Research Target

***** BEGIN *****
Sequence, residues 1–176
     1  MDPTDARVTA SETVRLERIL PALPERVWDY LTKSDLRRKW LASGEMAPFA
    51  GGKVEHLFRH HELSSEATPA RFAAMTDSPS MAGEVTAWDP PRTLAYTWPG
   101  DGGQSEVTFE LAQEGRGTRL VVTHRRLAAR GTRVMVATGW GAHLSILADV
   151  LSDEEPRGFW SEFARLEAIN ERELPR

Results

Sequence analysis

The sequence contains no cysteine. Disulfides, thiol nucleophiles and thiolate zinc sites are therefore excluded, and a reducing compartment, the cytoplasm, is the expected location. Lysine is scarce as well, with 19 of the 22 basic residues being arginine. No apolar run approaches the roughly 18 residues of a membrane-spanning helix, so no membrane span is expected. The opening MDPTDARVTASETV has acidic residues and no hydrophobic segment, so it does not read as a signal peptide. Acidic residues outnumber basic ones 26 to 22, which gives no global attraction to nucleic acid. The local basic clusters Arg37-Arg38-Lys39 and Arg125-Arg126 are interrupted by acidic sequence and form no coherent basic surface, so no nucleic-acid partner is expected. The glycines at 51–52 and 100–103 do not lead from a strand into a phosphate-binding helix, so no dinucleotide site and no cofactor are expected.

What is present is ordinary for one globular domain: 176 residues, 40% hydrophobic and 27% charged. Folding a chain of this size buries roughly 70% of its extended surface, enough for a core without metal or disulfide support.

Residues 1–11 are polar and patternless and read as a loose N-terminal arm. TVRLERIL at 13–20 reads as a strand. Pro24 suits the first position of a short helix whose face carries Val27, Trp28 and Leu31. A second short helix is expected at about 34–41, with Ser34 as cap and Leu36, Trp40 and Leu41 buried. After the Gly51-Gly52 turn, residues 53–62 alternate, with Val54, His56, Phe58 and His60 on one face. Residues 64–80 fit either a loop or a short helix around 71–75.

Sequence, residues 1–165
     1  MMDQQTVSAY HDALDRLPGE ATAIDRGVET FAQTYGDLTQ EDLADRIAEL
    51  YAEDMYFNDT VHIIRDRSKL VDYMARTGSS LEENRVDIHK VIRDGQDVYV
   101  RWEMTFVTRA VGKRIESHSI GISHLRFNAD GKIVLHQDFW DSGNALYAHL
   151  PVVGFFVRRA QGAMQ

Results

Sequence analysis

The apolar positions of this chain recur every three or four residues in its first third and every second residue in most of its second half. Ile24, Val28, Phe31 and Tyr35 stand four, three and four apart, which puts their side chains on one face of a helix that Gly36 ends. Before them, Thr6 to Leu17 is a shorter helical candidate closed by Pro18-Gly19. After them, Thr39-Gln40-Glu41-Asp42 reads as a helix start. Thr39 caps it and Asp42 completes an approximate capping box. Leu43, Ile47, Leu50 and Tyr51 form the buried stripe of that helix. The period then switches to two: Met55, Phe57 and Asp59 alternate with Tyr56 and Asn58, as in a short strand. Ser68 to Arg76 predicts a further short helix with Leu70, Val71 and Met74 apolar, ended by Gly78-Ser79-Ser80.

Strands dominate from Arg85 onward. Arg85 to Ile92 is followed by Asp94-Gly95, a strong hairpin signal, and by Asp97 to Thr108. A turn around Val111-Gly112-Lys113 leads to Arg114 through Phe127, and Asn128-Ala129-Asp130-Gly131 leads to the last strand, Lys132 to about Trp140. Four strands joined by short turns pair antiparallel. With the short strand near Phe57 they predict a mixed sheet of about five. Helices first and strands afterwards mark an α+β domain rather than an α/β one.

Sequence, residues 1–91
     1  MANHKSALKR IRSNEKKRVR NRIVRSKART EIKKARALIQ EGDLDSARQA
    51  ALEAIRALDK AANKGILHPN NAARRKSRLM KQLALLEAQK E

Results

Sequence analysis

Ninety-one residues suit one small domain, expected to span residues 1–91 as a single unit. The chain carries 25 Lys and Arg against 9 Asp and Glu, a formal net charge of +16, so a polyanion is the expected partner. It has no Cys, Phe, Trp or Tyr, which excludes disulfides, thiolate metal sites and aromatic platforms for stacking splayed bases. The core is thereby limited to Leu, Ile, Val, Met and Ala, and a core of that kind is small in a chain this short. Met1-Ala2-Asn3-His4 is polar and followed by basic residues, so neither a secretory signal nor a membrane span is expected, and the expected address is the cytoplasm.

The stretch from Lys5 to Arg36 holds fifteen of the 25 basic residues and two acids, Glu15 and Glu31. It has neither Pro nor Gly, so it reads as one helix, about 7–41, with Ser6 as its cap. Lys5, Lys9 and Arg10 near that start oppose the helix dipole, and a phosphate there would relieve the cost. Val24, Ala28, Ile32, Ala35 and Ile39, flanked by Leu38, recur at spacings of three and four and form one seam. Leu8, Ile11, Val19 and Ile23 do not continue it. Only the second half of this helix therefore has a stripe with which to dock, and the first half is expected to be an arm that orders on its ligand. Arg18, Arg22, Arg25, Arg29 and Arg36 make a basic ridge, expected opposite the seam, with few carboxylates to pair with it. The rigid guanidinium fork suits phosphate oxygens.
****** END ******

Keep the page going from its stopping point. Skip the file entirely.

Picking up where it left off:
Amphiphilic polymer gels are composed of a polymer network with both hydrophilic and hydrophobic parts.  They feature favorable properties with delicate dependency on the environmental medium polarity, such as environmentally sensitive viscoelasticity and selective permeability.  To truly exploit this potential for applications, however, it is necessary to understand the interplay between the network nano- and microstructure and the resulting gel properties.  The network structure features multiple levels of complexity, starting from local connectivity defects on the mesh scale, network inhomogeneities on larger scales, and potentially microphase-separated domains on even larger scales.  These structures are partly imparted permanently during the network synthesis and partly further adaptable to the current experimental conditions.  Our research initiative targets at gaining rational understanding between the preparation conditions, the resulting network structures, and the yet resulting gel properties, primarily focusing on their viscoelastic mechanics and permeabilities.  This is done by adaption of the tetra-PEG approach for model-network synthesis to preparing amphipilic model networks of two kinds: irreversibly and reversibly crosslinked.  These networks are then characterized in view of their structures on multiple lengthscales and in view of their viscoelastic an permeation properties.  All that is done by synergistic convergence of theory and experiment.